The great pumpkin


It’s hard to imagine Fall without pumpkin pie and Jack o’ Lanterns. Pumpkins have almost become a symbol for Fall.  It is believed the iconic winter squash originated in Central America. The oldest pumpkin seeds ever discovered were found in Mexico and have been dated at somewhere between 7000 and 5500 B.C. These ancient seeds grew a very different pumpkin than our modern well-loved squash. The original pumpkins were harder and lot smaller with a bitter flavor. Columbian Native Americans domesticated pumpkins, making pumpkins one of the first wild plants to be grown as a crop for human consumption in America.

Today pumpkin is grown on every continent except for Antarctica. Over 1.5 billion pounds of pumpkin is produced every year in the United States alone. Today over 45 different varieties of the squash are grown.

Pumpkins not only are extremely nutritious they are also very versatile. It’s no wonder why Native Americans and early settlers grew them. They could be made into stew, soup, pie, puddings and more. They were also easy to store to have in the winter months or when food was scarce due to their hard tough skins.

Around the 1800s pumpkins also began to be used for their decorative qualities. It was in the early 1800s that pumpkins were first carved into jack o’ lanterns. Early Irish settlers brought the tradition of carving jack o’ lanterns for Halloween to the United States. Originally jack o’ lanterns were carved into turnips or potatoes. But upon reaching the U.S. they discovered that pumpkins were more available and easier to carve. According to Irish tradition the purpose of the jack o’ lantern was to scare away any evil spirits that might be lurking around your house. The Irish would place the potatoes, turnips, or potatoes carved with scary faces by their doors and windows to keep the spirits away. In 1819, Washington Irving wrote of  a mysterious jack-o’- lantern in his story The Legend of Sleepy Hollow which many believe is another factor that led to the popular practice of craving pumpkins for Halloween.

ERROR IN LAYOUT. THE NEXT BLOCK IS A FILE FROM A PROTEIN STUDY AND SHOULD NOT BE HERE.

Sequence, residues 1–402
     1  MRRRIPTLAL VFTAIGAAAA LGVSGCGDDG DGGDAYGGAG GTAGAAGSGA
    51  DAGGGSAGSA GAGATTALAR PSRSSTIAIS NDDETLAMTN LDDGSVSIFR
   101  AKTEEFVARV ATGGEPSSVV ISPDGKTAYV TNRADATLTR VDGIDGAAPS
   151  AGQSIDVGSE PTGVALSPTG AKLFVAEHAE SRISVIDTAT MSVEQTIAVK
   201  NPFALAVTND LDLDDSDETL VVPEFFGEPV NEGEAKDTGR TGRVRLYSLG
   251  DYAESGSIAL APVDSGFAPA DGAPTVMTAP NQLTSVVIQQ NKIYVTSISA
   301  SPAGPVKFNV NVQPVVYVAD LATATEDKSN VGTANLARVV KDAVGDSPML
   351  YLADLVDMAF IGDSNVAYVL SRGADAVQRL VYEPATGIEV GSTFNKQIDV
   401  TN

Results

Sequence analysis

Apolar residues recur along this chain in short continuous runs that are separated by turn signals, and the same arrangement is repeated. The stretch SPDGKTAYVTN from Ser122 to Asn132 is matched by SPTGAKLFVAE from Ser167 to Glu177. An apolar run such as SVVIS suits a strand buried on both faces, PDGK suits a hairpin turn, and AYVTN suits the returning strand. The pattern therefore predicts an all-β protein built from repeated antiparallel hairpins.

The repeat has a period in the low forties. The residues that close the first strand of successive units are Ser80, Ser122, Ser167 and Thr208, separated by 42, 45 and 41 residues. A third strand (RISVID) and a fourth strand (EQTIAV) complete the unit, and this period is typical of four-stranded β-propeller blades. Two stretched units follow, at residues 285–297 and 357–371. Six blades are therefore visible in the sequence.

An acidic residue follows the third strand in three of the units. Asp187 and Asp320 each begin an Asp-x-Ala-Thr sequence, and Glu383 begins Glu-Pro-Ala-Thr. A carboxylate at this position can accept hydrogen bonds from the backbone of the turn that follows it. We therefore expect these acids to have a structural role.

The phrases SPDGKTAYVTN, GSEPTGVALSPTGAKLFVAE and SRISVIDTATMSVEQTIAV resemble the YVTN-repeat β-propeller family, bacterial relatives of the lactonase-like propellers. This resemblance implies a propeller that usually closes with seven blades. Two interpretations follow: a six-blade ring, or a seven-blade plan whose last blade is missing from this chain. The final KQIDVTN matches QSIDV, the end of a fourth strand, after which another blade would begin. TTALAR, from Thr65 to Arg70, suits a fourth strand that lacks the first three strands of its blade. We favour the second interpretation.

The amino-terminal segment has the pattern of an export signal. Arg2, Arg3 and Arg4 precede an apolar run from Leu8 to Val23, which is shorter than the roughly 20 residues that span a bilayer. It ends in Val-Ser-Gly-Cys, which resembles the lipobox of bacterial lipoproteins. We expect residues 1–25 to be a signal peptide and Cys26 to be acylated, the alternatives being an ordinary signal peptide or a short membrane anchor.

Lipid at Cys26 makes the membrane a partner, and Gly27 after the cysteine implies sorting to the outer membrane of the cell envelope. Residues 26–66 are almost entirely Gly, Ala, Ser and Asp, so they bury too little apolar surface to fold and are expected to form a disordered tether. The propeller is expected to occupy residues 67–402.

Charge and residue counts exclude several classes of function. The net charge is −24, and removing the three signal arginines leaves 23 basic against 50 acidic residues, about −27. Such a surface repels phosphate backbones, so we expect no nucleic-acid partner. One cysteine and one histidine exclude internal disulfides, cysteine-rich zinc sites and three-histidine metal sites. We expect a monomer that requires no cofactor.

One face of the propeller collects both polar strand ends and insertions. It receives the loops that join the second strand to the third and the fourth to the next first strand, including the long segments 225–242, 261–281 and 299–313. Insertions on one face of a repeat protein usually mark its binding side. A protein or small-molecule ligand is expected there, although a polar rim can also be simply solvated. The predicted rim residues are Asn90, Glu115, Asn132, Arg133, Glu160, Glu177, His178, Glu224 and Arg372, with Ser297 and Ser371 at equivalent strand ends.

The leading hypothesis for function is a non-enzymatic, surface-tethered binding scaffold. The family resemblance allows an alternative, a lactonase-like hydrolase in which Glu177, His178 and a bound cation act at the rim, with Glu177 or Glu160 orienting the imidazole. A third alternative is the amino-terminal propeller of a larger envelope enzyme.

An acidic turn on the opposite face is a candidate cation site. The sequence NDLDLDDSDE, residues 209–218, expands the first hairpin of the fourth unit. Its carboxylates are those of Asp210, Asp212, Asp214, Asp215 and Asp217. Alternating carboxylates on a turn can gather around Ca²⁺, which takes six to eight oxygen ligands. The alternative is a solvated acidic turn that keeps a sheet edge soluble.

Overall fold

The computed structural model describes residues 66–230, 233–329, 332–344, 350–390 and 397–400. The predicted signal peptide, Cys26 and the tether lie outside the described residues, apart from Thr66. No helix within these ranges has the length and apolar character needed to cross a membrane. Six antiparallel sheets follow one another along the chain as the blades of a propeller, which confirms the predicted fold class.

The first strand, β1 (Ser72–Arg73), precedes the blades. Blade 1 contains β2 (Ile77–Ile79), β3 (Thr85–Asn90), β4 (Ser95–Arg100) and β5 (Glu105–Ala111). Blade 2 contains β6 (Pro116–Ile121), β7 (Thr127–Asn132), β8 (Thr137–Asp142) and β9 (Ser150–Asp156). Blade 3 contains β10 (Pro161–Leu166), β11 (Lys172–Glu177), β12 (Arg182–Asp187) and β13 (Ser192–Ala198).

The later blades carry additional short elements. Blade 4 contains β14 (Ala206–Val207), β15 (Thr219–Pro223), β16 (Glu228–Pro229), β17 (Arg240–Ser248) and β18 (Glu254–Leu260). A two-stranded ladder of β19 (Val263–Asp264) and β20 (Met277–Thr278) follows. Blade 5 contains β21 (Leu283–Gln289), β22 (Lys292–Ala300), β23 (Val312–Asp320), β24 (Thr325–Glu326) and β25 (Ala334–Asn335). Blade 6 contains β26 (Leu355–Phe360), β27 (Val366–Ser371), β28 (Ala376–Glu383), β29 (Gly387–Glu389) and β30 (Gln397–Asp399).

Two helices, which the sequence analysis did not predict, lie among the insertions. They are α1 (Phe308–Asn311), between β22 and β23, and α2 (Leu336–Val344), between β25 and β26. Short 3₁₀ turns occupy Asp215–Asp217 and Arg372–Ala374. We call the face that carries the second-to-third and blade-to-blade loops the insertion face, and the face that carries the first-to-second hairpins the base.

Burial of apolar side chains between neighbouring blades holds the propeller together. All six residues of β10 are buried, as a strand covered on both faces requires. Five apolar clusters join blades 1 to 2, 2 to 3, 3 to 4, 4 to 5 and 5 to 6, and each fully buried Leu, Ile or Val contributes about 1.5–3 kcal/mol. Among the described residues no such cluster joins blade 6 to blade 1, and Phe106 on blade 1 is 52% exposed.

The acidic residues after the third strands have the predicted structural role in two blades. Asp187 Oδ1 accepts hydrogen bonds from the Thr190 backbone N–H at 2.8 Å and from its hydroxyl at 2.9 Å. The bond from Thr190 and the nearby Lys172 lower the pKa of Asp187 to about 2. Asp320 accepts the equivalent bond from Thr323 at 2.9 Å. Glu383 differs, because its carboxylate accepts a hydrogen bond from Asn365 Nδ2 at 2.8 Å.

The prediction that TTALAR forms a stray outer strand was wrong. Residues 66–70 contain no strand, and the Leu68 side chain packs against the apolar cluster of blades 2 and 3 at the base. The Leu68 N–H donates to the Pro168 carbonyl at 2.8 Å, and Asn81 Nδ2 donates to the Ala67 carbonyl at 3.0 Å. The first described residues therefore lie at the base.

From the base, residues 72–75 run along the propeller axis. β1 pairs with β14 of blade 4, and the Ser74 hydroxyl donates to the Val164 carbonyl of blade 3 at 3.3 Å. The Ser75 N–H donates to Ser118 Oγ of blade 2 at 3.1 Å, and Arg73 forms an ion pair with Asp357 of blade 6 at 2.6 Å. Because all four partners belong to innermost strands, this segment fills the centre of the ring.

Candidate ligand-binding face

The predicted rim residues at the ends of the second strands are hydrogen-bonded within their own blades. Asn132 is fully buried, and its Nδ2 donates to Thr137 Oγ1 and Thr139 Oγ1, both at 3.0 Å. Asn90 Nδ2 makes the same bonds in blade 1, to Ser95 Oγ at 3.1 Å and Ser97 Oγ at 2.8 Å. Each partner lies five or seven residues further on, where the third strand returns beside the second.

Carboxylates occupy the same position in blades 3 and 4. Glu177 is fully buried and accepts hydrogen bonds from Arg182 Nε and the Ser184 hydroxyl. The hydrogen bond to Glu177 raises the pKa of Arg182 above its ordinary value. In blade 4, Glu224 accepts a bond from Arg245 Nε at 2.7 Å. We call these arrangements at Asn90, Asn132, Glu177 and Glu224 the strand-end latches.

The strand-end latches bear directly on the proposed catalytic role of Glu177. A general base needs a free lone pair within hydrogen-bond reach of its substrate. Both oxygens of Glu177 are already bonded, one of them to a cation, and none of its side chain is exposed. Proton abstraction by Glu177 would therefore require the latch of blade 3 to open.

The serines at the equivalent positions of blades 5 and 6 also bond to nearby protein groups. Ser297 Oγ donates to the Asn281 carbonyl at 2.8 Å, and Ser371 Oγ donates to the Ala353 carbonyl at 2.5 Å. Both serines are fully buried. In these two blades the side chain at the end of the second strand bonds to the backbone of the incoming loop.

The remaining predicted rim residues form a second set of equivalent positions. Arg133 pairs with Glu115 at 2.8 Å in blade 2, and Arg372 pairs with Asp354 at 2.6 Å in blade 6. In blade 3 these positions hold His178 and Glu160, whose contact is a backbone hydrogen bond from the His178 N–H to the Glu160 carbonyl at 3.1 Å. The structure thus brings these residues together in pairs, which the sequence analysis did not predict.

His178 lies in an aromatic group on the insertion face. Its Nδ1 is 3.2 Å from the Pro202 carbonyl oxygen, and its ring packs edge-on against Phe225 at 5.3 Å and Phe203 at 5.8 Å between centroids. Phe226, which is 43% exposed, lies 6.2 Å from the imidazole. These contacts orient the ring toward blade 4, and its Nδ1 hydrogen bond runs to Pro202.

The pumpkin also became further associated with Fall in January of 2003 when Starbucks began developing their famous pumpkin spice latte. The company was encouraged by the success of their winter seasonal drinks like their popular peppermint mocha. After testing it and several other products with different flavors pumpkin spice came out on top. When it was first introduced in the Fall of 2003 it was so popular that Starbucks struggled to keep up with the demand. Today 17 years later Starbucks still sells about 20 million pumpkin spice lattes every year.

The Pumpkin Spice latte created a huge trend and other companies soon started to offer pumpkin spice products. The trend has grown over the years and today you can almost find pumpkin spice everything. From Chapstick to peanut butter to spam, you’ll probably find some version of this seasonal flavor.

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